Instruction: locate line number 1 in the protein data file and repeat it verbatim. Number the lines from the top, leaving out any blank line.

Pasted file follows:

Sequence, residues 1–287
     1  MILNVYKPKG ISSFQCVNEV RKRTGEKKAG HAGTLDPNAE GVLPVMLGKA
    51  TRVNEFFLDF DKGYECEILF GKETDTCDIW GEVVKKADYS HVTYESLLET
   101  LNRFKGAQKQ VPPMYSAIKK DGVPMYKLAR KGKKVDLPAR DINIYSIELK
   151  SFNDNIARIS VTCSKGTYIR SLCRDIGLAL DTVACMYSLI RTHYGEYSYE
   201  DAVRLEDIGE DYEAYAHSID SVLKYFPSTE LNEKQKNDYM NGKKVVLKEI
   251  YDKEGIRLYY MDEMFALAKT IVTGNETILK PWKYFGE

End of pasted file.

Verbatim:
Sequence, residues 1–287